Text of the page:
Iran and six powers remain divided in nuclear talks
France sees big hurdles in search for deal; John Kerry in Geneva for third day of talks
“The security concerns of Israel and all the countries of the region have to be taken into account,” Fabius said.
Still, the fact that a deal may finally be feasible after a decade of feuding rather than genuine negotiations between Iran and the West highlighted a striking shift in the tone of Tehran’s foreign policy since the election in June of Hassan Rouhani, a pragmatic former nuclear negotiator, as president.
Iran, which harbours some of the world’s largest oil and gas reserves, wants the six powers to lift increasingly tough restrictions that have slashed its daily crude sales revenue by 60 percent in the past two years.
Iran and the powers are discussing a partial nuclear suspension deal covering around half a year. If a preliminary deal is nailed down, it would only be the first stage in a process involving many rounds of intricate negotiations in the next few months aimed at securing a permanent agreement.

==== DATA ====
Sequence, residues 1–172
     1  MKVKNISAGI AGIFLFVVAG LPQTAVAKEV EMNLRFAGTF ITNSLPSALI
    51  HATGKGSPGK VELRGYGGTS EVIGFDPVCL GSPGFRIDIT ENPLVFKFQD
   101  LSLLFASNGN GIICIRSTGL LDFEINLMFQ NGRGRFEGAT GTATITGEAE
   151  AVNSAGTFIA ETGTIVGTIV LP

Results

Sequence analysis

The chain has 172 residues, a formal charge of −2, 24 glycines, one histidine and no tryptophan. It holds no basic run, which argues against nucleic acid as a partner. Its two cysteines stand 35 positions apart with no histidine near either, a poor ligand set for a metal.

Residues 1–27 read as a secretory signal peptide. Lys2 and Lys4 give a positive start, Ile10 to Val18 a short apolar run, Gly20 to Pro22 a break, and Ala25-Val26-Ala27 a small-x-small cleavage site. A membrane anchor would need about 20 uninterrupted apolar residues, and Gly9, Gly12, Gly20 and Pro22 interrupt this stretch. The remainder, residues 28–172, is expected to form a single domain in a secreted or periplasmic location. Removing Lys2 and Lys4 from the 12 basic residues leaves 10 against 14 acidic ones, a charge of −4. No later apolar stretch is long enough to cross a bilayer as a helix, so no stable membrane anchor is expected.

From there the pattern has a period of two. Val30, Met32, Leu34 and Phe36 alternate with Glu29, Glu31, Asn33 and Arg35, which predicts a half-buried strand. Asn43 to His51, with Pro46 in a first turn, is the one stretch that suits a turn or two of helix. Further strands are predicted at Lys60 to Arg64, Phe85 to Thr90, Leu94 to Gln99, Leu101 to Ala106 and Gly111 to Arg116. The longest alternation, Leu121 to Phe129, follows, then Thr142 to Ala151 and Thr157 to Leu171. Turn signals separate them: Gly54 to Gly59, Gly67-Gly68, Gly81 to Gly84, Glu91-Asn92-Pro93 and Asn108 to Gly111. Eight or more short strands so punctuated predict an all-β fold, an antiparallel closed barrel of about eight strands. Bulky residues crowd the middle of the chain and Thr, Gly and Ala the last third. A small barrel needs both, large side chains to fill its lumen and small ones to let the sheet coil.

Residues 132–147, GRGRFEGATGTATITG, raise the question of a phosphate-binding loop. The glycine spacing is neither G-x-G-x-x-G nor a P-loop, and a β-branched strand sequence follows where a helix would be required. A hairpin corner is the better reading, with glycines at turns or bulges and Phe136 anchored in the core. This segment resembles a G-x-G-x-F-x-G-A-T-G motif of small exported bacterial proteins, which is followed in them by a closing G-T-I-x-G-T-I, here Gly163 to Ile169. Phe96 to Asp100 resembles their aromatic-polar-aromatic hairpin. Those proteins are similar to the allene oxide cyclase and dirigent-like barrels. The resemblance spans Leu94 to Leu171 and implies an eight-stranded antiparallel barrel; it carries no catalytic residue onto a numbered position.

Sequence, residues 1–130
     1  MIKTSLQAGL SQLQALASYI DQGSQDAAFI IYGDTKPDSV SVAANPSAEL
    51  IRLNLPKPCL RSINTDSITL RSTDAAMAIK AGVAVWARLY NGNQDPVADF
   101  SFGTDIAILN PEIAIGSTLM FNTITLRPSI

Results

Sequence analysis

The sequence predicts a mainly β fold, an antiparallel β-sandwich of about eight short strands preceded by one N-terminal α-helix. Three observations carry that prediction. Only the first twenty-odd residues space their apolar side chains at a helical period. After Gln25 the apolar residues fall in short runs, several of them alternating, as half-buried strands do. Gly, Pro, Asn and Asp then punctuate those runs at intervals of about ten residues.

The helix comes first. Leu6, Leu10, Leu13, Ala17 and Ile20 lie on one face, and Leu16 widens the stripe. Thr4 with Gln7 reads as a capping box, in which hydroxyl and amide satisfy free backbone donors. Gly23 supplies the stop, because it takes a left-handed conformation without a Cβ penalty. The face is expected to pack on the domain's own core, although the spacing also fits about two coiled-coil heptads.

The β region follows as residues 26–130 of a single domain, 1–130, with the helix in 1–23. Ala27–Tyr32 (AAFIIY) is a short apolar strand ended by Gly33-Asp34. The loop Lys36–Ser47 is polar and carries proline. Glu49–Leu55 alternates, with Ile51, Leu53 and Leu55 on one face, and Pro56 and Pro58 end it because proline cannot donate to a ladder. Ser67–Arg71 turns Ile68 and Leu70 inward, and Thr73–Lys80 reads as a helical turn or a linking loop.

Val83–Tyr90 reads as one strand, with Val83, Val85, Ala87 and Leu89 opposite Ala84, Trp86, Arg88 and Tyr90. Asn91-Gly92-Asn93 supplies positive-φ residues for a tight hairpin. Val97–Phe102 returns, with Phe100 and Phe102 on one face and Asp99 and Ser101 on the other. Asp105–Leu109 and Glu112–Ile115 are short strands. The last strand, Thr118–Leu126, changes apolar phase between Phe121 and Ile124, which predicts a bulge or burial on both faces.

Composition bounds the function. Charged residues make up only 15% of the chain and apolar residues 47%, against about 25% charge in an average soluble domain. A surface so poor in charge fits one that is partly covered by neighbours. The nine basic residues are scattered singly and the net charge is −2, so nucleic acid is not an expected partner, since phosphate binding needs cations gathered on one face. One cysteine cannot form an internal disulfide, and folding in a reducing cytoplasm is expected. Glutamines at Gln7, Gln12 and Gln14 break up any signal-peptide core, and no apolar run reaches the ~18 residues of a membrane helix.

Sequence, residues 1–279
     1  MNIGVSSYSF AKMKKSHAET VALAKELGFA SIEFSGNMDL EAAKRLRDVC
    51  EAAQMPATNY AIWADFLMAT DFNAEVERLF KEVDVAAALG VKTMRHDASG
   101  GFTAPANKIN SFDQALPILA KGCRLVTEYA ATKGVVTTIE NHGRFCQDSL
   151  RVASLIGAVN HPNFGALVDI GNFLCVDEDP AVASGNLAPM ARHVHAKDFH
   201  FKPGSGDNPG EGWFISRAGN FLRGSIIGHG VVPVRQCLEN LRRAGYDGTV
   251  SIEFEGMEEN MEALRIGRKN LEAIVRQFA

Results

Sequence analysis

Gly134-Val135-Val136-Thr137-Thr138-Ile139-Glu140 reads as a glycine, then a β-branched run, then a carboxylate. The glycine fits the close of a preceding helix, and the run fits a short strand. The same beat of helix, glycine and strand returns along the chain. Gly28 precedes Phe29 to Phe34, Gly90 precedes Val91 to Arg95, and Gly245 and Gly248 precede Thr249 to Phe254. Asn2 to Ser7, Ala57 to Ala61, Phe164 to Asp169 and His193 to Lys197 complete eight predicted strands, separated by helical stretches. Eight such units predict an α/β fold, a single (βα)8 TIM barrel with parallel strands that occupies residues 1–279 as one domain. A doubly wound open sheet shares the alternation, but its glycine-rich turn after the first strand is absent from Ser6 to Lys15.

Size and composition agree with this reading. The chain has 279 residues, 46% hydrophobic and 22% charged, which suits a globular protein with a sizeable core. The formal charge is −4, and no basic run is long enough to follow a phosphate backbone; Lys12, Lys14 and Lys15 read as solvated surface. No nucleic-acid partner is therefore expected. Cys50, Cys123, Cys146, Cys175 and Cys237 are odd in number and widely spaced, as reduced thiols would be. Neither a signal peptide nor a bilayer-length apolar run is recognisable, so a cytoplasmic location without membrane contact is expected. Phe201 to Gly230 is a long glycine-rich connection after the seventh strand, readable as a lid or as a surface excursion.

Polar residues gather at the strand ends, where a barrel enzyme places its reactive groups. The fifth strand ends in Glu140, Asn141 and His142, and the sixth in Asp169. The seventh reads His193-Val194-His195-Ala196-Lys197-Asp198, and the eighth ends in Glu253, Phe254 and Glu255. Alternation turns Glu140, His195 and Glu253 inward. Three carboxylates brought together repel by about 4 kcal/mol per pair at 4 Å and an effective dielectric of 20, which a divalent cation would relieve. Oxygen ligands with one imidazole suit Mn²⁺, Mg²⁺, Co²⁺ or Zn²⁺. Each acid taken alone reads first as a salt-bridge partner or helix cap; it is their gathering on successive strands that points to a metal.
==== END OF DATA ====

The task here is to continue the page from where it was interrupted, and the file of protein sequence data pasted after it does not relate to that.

One idea under consideration is the disbursement in instalments of up to about $50 billion of Iranian funds blocked in foreign accounts for decades. Another step could be temporarily relaxing restrictions on precious metals trade.
A further step could be Washington suspending pressure on countries not to buy Iranian oil. Diplomats say that such a move by Washington could be immediate and easily reversible if Iran failed to meet its obligations under a deal.
Negotiators have limited political room to manoeuvre as there is hardline resistance to any rapprochement in Tehran - especially its elite Revolutionary Guards - and in the US Congress and either could make it hard to implement any deal.
The Obama administration has said world powers will consider some sanctions relief, while leaving the complex web of US, EU and UN restrictions in place, if Iran takes verifiable steps to rein in its nuclear programme.
Lending urgency to the need for a breakthrough was a threat by the U.S. Congress to pursue tough new sanctions on Iran. Obama has been urging Congress to hold off on more punitive steps to isolate Iran, demanded by Israel, to avoid undermining the delicate diplomatic opening with the country.
But many US lawmakers, including several of Obama’s fellow Democrats, believe tough sanctions forced Iran to the negotiating table in the first place and that more are needed to discourage it from diverting enrichment toward bomb-making.